The Arab Music Archiving and Research foundation (AMAR), in collaboration with the Sharjah Art Foundation (SAF), presents “Durūb al-Nagham”.
Welcome to a new episode of “Durūb al-Nagham”.
Today, we will be resuming our discussion about the singing of the ‘ālima with Prof. Frédéric Lagrange.
Sir, why did everybody end up with this wrong understanding of the word ‘ālima?
In the 20th century, the term ‘ālima started being used exclusively for baladī singers who entertained at weddings.
When did this turning point take place?
I think it happened around the first three decades of the 20th century: starting in 1922-1923, there were no “high-class” ‘ālima anymore. This is when these two words became opposites, which explains the difference between Nagīb Maḥfūz’ ‘ālima and Tawfīq al-Ḥakīm’s ‘ālima, since Tawfīq al-Ḥakīm was born in the late 19th century while Nagīb Maḥfūz was born in 1911… there is a 15 year’ difference between them.
Of course. Moreover, these 15 years are not like any ordinary 15 years.
These 15 years embody this change. Nagīb Maḥfūz’ ‘ālima is a woman of very questionable morality who sings indecent ṭaqṭūqa since the 1920’s ‘ālima, muṭriba and female singers used to entertain at weddings and to sing indecent ṭaqṭūqa. Whereas, to Tawfīq al-Ḥakīm who was born at the end of the 19th century, there was no conflict between singing dawr and being a ‘ālima. Moreover, record companies in the 1920’s either satisfied the demand of the audience or imposed to a great extent the love of ṭaqṭūqa. Old wedding ṭaqṭūqa were undoubtedly indecent, but this indecency was meant to inform the bride and to give her the tools to defend herself and to display her charms for her husband.
Do you mean that the ṭaqṭūqa were educational?
Exactly. They constituted an educational and useful indecency. While the indecency of the early and mid-1920’s lyrics is different because it was meant to make the audience laugh, to describe a certain class of “easy” women, or to entice desire. I neither refuse nor condemn the enticing of desire, I only mean to highlight that the indecency aimed at a totally different purpose than it did in 1905. Some of these frivolous ṭaqṭūqa were marvellous and very funny, like Munīra al-Mahdiyya’s “Mā tkhafshi ‘alayya d-anā waḥda sigūriyā”, or Na‘īma al-Maṣriyya’s “Ta‘āla yā shāṭir nirūḥ el-anāṭir”.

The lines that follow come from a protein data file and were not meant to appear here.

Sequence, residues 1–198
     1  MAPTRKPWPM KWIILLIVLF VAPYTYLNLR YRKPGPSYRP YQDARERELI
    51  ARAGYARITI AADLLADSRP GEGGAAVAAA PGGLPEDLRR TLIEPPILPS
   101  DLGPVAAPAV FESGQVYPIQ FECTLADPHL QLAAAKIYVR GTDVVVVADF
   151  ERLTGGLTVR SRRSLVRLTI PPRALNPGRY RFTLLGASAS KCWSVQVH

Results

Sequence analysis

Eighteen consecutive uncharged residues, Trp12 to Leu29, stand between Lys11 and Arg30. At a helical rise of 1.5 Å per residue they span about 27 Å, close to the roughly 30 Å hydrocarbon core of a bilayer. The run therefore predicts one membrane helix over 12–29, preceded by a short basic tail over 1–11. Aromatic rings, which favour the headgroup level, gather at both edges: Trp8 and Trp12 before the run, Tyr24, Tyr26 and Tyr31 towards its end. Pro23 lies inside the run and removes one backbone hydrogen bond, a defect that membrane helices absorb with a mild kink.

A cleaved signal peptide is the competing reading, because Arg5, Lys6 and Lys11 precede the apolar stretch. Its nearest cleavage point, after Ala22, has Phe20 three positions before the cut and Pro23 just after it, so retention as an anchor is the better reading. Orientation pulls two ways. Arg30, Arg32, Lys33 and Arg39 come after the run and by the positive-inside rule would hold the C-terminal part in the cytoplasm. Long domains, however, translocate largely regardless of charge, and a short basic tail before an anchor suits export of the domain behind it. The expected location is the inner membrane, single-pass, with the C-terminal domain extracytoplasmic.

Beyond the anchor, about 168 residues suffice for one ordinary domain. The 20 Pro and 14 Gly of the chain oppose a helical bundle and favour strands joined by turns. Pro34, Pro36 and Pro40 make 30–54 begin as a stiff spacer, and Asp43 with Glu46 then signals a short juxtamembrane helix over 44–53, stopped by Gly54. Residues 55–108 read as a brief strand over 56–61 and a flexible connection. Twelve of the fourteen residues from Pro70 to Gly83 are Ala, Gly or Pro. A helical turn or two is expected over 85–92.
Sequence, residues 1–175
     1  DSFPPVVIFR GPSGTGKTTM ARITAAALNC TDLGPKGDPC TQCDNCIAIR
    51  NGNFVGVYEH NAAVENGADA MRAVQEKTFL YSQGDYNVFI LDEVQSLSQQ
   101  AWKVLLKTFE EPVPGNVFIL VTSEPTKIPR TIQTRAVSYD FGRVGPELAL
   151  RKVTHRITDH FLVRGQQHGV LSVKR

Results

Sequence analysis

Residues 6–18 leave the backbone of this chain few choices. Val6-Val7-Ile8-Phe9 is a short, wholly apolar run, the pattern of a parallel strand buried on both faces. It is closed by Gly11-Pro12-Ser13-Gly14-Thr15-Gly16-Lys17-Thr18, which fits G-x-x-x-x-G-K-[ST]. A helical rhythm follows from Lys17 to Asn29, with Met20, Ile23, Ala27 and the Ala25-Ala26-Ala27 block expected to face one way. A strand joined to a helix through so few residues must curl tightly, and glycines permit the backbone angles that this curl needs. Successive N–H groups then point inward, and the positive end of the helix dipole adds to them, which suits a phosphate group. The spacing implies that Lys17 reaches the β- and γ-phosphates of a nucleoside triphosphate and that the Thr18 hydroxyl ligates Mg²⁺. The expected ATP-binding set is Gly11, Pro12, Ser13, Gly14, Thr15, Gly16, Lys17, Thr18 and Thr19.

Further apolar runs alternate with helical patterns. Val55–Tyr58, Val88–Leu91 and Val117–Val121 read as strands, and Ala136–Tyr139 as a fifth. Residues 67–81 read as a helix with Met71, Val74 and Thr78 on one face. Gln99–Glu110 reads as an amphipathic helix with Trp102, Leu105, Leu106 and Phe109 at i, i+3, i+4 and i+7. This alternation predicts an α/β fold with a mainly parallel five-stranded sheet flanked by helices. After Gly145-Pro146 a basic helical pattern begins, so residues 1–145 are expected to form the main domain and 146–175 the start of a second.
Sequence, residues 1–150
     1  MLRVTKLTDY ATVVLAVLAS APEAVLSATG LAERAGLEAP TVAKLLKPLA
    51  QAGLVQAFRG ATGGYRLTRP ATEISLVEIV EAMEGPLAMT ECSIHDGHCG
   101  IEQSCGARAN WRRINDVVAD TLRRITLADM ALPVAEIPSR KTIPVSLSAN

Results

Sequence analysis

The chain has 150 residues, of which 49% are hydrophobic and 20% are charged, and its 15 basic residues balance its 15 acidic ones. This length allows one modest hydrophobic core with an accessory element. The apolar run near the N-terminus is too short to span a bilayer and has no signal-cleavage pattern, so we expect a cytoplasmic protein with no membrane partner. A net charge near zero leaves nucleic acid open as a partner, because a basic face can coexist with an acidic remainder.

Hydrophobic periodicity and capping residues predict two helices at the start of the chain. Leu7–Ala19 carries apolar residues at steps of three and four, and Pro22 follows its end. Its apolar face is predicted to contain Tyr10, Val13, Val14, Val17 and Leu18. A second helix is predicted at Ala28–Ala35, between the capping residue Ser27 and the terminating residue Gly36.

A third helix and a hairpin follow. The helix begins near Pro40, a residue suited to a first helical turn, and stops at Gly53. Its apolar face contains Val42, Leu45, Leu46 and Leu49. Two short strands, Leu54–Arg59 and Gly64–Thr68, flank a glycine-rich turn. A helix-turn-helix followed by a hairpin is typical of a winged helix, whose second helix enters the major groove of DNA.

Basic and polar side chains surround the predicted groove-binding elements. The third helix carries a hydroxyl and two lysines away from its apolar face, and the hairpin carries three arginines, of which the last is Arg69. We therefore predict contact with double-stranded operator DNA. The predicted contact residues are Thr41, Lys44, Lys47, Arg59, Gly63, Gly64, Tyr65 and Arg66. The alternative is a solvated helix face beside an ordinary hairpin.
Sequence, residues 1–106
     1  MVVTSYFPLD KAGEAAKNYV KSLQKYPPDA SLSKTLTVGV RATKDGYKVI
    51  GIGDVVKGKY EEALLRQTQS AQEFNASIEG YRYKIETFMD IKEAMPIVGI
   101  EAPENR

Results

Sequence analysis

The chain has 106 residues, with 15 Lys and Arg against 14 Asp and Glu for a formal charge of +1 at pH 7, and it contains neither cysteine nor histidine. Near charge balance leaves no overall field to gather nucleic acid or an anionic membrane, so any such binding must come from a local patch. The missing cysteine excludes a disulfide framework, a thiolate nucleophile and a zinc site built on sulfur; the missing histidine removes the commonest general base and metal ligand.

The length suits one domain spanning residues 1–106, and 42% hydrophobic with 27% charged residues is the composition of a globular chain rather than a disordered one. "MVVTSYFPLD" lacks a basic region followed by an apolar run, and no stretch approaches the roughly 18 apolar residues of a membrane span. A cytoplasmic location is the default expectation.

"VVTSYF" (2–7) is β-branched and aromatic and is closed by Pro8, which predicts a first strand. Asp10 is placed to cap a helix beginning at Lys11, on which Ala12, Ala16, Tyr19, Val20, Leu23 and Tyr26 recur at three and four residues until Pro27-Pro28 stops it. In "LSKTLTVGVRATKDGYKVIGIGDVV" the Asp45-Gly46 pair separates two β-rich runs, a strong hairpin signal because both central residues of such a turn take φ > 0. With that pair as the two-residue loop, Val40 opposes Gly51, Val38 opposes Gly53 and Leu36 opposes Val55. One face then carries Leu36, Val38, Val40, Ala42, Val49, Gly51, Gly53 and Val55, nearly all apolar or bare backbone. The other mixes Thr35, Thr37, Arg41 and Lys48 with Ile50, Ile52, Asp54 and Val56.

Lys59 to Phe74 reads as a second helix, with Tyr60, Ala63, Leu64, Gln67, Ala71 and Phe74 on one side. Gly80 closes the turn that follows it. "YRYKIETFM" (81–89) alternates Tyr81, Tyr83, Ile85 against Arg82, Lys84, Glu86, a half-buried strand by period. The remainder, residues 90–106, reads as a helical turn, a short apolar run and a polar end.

Let us look at the ṭaqṭūqa “Ta‘āla yā shāṭir nirūḥ el-anāṭir” composed by Zakariyya Aḥmad. It is by the way one of the most beautiful works recorded by Na‘īma al-Maṣriyya because, in my opinion, the contradiction between the sad bayyātī melody and the indecent lyrics gives it a special flavour. This contradiction between the obvious sadness prevailing in the melody and the indecent lyrics gives the impression that this woman was forced to utter these words despite her beliefs. I feel this every time I listen to this ṭaqṭūqa, and I think it adds a special kind of beauty to the piece. I am not saying that Na‘īma al-Maṣriyya was forced to do this. I am talking about the character of the lost woman she is playing, who is singing an indecent song without conviction, and thus mixes the indecency with sadness and despair.
Umm Kulthūm, at the beginning of her career, sang two pieces: “El-khalā‘a we-el dalā‘a madhhabī” and “Anā ‘ala kēfak”. Later on, she tried to stop these records from being sold… Of course, they can be found in all audio-libraries, but are not broadcast.
The problem is that there were also men who sang these same ṭaqṭūqa.
As for men, ‘Abd al-Laṭīf al-Bannā performed pieces from this repertoire throughout his career, along with the beautiful qaṣīda and the few dawr. He was the only muṭrib without a mustache –this detail is very significant to the experts–, and also sang most of his songs as a woman, pretending to be this playful girl. Let us listen to him.
What about the role of ‘ālima in the nationalistic movement, i.e. the 1919 revolution? … All the women known as ‘ālima also sang ardent patriotic hymns…etc.
Exactly, especially Na‘īma al-Maṣriyya and 1st rank ‘ālima Munīra al-Mahdiyya on whose stage the wind of liberty blew. She recorded several ṭaqṭūqa whose lyrics sound innocent at first but are actually full of political insinuations, such as “Shāl el-ḥamām, ḥaṭṭ el-ḥamām” about the exile of Sa‘d Zaghlūl to the island of Malta, and Na‘īma al-Maṣriyya’s “Yā balaḥ Zaghlūl” whose lyrics are a praise to Sa‘d Bāshā Zaghlūl.
Shall we listen to “Yā balaḥ Zaghlūl”?
Let us listen to both.
Then let us listen to both.
With these patriotic dawr performed by ‘ālima, we reach the end of today’s episode of “Durūb al-Nagham”.
We will meet again in a next episode with a new subject.